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Album Review: Every Nothing by Tides of Man

Instrumental rock act Tides of Man release their new album Every Nothing on 3rd August. . Drummer Josh Gould, bassist Alan Jaye, and guitarist Spencer Gill formed the band in 2007, with guitarist Daniel Miller joining in 2010.

The band has an interesting history, as they released music and toured for years with a vocalist before a dramatic shift occurred. After starting out with a self-released EP in 2008 and playing live in the Tampa Bay Area, Tides Of Man quickly built a local following before catching the attention of Portland, Oregon label, Rise Records.

They released 2 full length albums, Empire Theory (2009), and Dreamhouse (2010), which both featured vocals. After touring relentlessly in the U.S for 2 years, the band parted ways with their singer and record label and took time off to regroup.

After trying out many vocalists and demoing several new songs, the band was unable to find their new singer. With the sound of the new music already taking inspiration from the instrumental post-rock genre, Tides decided on a different approach. They stopped trying to fill the position and instead let the music speak for itself. After playing a show as an instrumental band, it was clear that it was the right decision, and fans embraced the change. Now independent and without a record label, the band launched a crowdfunding campaign to record a new album. With the overwhelming support of fans, the campaign was successful and Tides Of Man was able to release their instrumental debut, Young And Courageous, in 2014.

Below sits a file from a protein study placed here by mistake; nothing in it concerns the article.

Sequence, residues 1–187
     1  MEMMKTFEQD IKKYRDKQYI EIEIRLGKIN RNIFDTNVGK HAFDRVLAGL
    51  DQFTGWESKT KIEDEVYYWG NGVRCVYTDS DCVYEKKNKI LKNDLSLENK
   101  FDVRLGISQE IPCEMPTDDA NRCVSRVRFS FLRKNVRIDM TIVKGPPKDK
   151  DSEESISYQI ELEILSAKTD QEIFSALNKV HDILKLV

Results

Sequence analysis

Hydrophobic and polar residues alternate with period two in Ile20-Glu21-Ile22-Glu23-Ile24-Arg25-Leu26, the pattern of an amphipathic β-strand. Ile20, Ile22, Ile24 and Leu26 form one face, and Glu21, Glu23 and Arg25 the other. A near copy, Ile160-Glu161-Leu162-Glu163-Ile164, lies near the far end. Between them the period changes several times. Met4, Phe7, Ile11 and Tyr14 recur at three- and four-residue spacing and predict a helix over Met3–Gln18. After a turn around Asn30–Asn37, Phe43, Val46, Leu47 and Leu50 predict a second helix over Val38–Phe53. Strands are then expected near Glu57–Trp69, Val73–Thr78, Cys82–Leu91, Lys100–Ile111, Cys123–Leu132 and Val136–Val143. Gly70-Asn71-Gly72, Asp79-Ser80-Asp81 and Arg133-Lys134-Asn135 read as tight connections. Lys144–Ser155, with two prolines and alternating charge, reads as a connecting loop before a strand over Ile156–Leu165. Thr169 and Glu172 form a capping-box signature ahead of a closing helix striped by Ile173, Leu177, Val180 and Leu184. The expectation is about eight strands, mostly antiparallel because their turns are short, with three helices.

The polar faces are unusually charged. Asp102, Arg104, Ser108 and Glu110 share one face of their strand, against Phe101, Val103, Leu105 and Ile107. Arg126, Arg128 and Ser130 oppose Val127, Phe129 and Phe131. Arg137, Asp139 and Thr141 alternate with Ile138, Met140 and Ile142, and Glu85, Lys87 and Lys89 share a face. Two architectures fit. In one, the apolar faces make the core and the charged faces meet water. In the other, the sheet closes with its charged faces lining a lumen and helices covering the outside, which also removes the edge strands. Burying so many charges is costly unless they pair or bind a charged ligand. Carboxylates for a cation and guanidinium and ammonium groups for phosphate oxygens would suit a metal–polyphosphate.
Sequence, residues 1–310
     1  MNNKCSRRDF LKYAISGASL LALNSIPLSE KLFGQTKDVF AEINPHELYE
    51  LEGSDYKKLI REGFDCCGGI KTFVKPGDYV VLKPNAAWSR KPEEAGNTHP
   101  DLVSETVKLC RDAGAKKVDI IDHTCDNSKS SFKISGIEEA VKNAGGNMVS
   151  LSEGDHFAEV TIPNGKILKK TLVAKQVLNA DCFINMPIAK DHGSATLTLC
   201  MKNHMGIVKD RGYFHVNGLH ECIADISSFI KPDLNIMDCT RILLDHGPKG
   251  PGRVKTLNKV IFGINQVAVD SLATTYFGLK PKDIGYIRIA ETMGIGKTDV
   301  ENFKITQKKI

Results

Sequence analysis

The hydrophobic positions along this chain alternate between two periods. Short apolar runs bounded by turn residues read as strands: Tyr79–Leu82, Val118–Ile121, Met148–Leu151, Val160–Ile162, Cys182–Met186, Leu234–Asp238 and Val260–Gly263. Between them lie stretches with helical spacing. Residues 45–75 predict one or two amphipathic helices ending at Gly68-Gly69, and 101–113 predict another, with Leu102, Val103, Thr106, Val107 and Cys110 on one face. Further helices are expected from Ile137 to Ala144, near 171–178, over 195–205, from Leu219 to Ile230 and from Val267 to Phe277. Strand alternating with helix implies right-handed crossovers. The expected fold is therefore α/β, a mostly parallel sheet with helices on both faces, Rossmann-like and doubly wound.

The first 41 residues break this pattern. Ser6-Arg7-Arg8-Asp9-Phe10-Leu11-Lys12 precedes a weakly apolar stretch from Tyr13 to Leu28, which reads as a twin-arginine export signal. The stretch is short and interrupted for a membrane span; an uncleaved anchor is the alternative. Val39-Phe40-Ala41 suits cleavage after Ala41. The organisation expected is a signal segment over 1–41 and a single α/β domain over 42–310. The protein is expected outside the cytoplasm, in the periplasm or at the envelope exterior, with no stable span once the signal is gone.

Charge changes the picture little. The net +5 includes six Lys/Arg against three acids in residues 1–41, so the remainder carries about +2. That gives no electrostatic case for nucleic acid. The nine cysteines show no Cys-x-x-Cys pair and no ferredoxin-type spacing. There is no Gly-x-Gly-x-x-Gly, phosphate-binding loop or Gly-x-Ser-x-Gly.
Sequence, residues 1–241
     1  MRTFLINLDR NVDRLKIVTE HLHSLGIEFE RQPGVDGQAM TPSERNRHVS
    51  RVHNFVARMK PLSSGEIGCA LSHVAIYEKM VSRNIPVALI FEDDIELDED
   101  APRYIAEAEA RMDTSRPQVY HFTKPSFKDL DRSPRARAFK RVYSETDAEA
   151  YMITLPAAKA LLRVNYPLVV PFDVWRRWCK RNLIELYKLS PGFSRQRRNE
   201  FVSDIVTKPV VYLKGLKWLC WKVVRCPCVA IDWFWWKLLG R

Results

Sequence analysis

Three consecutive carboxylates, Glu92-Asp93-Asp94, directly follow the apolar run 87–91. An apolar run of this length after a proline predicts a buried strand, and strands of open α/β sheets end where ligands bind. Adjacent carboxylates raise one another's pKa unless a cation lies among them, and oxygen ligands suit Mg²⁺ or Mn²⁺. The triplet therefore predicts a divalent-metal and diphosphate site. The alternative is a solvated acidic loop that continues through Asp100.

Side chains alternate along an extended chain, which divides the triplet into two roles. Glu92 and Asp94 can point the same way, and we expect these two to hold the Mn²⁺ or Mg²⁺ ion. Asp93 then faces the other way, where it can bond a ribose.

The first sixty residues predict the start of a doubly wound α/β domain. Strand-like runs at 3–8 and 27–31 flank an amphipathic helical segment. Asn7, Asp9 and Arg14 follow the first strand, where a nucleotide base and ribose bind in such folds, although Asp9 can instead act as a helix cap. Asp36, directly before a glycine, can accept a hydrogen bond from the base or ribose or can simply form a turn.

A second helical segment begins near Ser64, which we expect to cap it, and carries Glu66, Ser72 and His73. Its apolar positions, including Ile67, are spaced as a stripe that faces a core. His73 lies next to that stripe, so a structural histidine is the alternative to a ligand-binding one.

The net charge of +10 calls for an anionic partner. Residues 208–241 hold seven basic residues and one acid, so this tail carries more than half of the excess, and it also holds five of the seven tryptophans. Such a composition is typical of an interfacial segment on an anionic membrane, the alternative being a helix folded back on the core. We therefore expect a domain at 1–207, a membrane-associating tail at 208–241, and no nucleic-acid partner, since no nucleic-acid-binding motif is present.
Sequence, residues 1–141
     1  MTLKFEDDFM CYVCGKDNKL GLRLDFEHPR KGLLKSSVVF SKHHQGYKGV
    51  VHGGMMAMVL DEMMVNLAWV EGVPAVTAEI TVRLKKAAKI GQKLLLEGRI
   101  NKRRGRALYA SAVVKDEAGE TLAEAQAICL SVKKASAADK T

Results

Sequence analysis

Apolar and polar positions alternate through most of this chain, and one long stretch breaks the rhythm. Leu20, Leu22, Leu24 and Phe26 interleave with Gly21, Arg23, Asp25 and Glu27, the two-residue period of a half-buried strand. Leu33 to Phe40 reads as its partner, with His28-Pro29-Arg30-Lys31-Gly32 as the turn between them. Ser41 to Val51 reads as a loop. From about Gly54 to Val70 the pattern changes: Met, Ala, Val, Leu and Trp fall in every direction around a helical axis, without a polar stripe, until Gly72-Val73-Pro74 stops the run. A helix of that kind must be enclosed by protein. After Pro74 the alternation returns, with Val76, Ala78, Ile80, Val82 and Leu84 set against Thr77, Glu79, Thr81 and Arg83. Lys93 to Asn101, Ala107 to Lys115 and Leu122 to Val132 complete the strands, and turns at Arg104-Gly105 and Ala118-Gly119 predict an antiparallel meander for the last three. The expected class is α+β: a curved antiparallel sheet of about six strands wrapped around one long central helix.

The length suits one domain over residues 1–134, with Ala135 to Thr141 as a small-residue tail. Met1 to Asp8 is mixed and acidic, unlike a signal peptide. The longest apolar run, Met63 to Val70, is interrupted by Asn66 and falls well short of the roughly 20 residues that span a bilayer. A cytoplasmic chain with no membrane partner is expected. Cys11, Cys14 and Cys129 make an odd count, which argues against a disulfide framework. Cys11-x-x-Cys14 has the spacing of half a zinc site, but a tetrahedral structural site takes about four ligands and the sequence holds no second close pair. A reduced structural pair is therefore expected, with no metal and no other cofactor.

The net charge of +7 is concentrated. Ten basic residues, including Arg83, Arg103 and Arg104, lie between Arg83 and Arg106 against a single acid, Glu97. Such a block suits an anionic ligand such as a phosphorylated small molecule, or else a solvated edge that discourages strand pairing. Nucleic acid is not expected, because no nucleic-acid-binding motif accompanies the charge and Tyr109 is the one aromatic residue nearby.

With Every Nothing the band showcase a darker, more atmospheric side. Allowing gradual and building guitar parts to take centre stage they create a majestic and ethereal sound that resonates and connects with the listener emotionally.

It’s an album that does a lot without seemingly doing much. On the first couple of listens you could be forgiven for thinking it didn’t have much of an impact. Then you go in for your third listen and you realise that these tracks have become so familiar you know them off by heart. They’ve engrained themselves and connected with you.

From there on in every listen gets better and you can appreciate this for the excellent album it is. Over the course of just under 60 minutes there’s many highlights and you’ll probably find a different one in every listen. Whether it be the slightly heavier tones of ‘Mercury Fields’, the gradual intricacies of ‘New Futures’, the ambiance of ‘Far Off’, the laidback shanty of ‘Old 88’ or the throbbing ‘Everything Is Fine, Everyone Is Happy’ there’s something in there for every mood. That’s all without touching on the epic ‘Death Is No Dread Enemy’ or the great ‘Mosaic’.

AD Rating 8/10

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